In disposing of the case below, however, the Judge made certain observations on an important point of law, viz, whether a contractual clause excluding a right of set-off is capable of being subject to the requirement of reasonableness in the Unfair Contract Terms Act (Cap 396, 1994 Rev Ed) (“the UCTA”). It had been held in the earlier Singapore High Court decision of Gao Bin v OCBC Securities Pte Ltd [2009] 1 SLR(R) 500 (“Gao Bin”) that such a clause would fall outside the ambit of the UCTA because it was not a clause that excluded or restricted liability, and therefore could not be subject to the reasonableness test; the Judge disagreed with Gao Bin on this point and thought that such a clause should in fact be subject to the UCTA. There was thus a difference of opinion on this point of law. Therefore, although this issue did not, strictly speaking, arise for decision before us as the appeals could be and were dismissed for other reasons, we thought it appropriate to not only amplify the reasons for our decision on the appeals but also, for the sake of clarity, set out our views on the aforementioned point of law.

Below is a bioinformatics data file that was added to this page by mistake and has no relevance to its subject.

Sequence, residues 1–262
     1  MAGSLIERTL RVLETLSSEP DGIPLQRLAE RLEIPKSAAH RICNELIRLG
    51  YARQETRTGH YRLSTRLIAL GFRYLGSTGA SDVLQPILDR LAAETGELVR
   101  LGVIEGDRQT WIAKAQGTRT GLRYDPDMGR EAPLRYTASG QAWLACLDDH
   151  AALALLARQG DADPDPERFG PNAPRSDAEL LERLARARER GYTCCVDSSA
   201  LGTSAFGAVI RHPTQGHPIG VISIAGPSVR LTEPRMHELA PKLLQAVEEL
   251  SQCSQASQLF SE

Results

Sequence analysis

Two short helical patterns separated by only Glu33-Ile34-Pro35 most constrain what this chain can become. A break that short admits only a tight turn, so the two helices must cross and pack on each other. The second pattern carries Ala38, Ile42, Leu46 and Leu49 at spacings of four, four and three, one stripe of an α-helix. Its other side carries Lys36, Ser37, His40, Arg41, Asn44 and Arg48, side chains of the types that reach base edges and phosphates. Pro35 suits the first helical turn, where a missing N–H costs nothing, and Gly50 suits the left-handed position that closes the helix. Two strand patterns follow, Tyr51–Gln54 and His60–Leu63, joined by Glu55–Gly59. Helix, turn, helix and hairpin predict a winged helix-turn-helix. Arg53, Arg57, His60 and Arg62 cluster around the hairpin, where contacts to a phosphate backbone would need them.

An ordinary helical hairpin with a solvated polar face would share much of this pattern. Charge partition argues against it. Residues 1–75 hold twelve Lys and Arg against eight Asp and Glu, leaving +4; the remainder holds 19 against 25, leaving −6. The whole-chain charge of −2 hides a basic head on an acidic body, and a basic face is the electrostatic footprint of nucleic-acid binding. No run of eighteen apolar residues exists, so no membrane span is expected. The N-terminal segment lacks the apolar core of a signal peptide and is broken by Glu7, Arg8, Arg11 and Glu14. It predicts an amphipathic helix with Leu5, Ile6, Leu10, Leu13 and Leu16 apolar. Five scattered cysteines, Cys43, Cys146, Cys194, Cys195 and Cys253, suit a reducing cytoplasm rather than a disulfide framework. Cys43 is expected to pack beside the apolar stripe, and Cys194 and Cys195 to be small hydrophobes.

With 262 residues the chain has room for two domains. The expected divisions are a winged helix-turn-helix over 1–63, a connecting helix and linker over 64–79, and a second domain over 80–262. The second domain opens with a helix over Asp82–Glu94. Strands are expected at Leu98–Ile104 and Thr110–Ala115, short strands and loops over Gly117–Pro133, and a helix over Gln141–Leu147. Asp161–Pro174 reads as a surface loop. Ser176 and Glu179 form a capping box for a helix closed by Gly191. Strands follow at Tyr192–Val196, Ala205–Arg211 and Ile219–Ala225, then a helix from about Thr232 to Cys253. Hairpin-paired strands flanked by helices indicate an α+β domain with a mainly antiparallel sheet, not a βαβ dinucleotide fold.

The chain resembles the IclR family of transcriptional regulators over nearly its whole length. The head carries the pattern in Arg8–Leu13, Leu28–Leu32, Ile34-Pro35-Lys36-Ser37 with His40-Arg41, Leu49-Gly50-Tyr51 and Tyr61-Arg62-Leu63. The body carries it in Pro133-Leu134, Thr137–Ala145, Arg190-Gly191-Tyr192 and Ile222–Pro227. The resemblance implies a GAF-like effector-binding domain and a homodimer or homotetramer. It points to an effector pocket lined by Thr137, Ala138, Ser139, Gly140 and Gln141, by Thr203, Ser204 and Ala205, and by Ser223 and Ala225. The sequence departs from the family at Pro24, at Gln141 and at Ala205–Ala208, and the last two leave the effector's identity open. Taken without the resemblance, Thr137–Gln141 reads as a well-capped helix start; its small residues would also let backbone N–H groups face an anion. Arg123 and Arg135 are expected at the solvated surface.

Koh is the sole director of, and owner of all but one share in, Allgo. By an agreement dated 25 May 2009, Allgo agreed to sell to Terrestrial a flat top barge for $1.2m. Terrestrial paid Allgo in full, but Allgo failed to deliver the barge as it had, in turn, failed to pay its barge builder an outstanding balance of $350,000. By an agreement dated 3 January 2011 (“the Loan Agreement”), Terrestrial agreed to make two short term loans to Allgo of $300,000 and $50,000 so as to enable Allgo to pay its builder the outstanding sum. Koh also agreed unconditionally to guarantee Allgo’s obligations to repay the two loans. Terrestrial later agreed to give a further loan of $56,000 (“the Additional Loan”) to Allgo in relation to another vessel purchased by Terrestrial from Allgo. These three loans were all expressed to have become due and payable by certain stipulated dates; and it was not disputed that Allgo failed to repay any of these monies when they became due and payable. On 1 July 2011, Terrestrial served a letter of demand upon Allgo for the payment of the monies due and payable pursuant to the Loan Agreement and the Additional Loan. On 11 July 2011, Terrestrial served a letter of demand upon Koh for payment pursuant to the guarantee given in the Loan Agreement. The loans and the guarantee remained unpaid.